How do new NHL teams gauge whether a season has been successful or not? For established teams on top of their game; nothing less than a piece of silverware will suffice. For teams going through a rebuild; it’s about exceeding last season’s points total, allowing fewer goals or whatever specific metric they’re working on. For teams circling the drain, it’s about winning the draft lottery and getting a good trade for Matt Duchene.
The Vegas Golden Knights, the NHL’s noobs, don’t have previous seasons to compare to, and despite a strong 5/1/0 start to the season, odds are, the Stanley Cup isn’t going to Las Vegas this season. Sorry Las Vegans.
So when all’s said and done, and the 2017/18 season has wrapped up and gone home (or Seattle in the Coyotes’ case), how do the the Golden Knights look back and reflect on whether or not they did a good job? Looking at points, league position etc isn’t enough, as those can always be flippantly explained or disregarded with the fact that “it’s their first season”.
The real question that the front office should ask is “how well did we do building a team?” And that is something that’s comparable to every expansion team that’s come before. That’s 20 teams since the Original Six era if you don’t include the four teams that joined from the WHA. We’ll swerve those as they were in fairness, already established teams.
Despite fluctuations in league size and numbers of games, there are some metrics that are constant, or at least easily adjustable. Win percentage is one such metric, of all the new teams to enter the league since 1967, the Washington Capitals had the worst debut season, and finished with a win percentage of just .100. Still the worst ever season recorded in the NHL for an expansion team.
By contrast, the Los Angeles Kings and Philadelphia Flyers had the best debut seasons; both finished the 1967/68 season on .418.
For the Golden Knights to beat the Kings’ and Flyers’ debut win percentage would be impressive but also unlikely. Only two teams have come close; the Florida Panthers and the Mighty Ducks of Anaheim tied on .392. If Vegas can finish with a win percentage above .350 then McPhee and friends have done well enough building a good team. 2016/17’s numbers ranged from the Colorado Avalanche’s .268; through to Washington’s .670. A far cry from their opening season.
Another number that applies to all teams, no matter the size of the league or its points system is Goal Difference. If your team is scoring more goals than its conceding then something is going right.
The benchmark for expansion teams was set pretty low; the highest goal difference recorded was zero. The Florida Panthers are the only team to not end their debut season in a deficit. The Panthers literally managed to break even.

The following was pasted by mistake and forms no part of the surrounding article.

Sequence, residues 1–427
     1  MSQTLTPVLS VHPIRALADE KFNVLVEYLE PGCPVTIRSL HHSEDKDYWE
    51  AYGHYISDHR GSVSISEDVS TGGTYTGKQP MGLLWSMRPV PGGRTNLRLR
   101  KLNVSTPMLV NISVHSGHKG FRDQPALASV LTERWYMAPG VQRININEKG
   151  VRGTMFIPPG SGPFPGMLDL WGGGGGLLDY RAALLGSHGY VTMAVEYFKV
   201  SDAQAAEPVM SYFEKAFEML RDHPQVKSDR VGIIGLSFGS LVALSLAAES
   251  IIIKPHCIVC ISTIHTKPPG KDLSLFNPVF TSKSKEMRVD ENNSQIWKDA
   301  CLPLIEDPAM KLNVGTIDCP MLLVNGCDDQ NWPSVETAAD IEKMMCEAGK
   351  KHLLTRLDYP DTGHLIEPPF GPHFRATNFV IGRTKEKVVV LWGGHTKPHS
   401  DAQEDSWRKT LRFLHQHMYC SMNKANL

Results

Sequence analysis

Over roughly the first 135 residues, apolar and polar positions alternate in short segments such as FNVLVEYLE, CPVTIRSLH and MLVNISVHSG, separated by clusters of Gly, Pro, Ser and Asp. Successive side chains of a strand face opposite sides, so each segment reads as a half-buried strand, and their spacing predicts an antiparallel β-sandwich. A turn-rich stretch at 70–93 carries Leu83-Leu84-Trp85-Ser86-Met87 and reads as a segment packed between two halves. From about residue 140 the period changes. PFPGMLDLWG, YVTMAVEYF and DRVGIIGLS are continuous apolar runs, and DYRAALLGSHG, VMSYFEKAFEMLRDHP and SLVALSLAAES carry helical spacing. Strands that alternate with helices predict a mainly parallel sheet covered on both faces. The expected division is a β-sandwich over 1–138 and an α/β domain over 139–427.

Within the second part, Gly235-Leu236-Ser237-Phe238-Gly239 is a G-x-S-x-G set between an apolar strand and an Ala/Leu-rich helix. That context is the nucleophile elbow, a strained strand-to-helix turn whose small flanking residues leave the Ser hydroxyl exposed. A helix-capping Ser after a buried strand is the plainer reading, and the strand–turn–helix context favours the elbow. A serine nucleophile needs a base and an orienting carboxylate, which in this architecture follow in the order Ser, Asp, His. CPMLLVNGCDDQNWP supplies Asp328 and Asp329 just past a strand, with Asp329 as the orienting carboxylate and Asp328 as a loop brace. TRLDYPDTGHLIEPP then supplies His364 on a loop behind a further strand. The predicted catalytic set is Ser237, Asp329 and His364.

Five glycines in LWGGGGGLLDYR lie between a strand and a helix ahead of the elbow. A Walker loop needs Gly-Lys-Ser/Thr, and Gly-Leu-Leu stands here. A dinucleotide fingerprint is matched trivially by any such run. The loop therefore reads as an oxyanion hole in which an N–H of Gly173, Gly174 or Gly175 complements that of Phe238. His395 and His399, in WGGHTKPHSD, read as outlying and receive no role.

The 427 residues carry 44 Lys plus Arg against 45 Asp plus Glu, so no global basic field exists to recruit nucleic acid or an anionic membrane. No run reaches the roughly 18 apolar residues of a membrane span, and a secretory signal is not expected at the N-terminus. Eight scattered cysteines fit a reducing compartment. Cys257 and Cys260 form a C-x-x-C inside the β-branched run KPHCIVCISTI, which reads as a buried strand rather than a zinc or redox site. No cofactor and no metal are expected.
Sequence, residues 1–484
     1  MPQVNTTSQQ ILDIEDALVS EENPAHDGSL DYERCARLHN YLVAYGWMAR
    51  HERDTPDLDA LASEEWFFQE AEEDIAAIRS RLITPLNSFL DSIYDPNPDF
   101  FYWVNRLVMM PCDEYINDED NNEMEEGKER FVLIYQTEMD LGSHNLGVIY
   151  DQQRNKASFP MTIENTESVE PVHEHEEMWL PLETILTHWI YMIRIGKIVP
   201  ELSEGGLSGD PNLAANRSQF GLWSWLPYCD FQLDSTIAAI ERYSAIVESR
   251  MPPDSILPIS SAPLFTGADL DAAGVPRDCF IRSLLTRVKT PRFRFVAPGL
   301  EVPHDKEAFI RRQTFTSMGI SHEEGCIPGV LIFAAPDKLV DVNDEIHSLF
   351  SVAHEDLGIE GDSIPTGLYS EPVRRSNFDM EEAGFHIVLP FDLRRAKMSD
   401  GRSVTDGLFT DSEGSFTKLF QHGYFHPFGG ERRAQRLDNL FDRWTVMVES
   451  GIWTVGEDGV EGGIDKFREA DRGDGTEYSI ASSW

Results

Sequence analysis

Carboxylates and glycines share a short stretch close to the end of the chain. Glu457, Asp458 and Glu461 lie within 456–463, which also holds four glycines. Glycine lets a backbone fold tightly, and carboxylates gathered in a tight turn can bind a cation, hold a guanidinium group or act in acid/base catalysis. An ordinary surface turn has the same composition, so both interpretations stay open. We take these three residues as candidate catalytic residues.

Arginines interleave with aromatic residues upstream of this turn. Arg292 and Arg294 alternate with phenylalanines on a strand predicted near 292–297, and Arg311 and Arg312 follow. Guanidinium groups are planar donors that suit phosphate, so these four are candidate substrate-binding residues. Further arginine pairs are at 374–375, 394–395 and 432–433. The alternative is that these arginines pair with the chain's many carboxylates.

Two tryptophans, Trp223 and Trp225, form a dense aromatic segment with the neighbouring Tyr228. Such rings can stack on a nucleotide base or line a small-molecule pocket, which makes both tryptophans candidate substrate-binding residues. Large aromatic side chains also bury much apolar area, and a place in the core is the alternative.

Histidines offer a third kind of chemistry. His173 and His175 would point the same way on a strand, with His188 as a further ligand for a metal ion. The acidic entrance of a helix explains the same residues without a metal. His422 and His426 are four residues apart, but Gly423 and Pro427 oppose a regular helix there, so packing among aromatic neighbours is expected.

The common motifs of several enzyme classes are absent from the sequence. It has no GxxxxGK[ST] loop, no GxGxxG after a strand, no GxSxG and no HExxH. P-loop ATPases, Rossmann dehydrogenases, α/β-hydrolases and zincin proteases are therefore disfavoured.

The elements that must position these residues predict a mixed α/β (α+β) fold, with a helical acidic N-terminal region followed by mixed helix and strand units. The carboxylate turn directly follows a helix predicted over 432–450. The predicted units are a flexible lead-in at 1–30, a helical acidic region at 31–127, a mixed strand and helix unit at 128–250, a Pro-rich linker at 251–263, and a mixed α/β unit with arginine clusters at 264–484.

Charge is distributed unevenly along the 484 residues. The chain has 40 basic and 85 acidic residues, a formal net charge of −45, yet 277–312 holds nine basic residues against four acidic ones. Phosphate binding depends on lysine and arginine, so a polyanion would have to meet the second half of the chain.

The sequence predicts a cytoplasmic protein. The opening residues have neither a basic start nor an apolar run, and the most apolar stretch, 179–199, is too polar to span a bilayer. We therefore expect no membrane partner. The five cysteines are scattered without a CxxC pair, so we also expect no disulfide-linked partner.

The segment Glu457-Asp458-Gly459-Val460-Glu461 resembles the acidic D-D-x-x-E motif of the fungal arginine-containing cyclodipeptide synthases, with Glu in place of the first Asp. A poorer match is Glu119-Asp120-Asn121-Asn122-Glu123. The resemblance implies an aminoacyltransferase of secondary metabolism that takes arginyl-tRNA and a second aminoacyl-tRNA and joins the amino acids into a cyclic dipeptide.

The average goal difference for expansion teams is -74, which last season would have put the Golden Knights second to last behind the Avalanche who bottomed out (in many ways) on -122. Naturally the Caps topped the table with +81. Given the weak history of expansion teams, ending the season with a deficit of goals isn’t exactly shameful; 14 teams found themselves in that position last season and one team, the Ottawa Senators finished on -2 but still advanced to the playoffs.
Ending the season with a better goal difference than -74 would make the Golden Knights better than average, although considering that the team has Marc-Andre Fleury tending net; Vegas should be aiming much higher.
We’ve already looked at how long the Golden Knights’ streak can continue and normal NHL service will resume soon enough. It’s rare for a team to progress through the playoffs in its debut season, but it’s not unheard of. The St Louis Blues made the Stanley Cup final in 1968 (and 1969).
Whatever standard the team (and the rest of the league) uses to judge their opening season, it’s going to be a hell of a ride. To finish anywhere above last place would be exceeding expectations, but the Golden Knights have a point to prove. The “proud member of the league’s original 31” has come out firing on all cylinders and much like the city itself; is here to make a big, bold statement. While the best start in expansion history is promising, the Vegas faithful are hoping that in a few months, there’ll be some substance to back up the style we’re seeing now.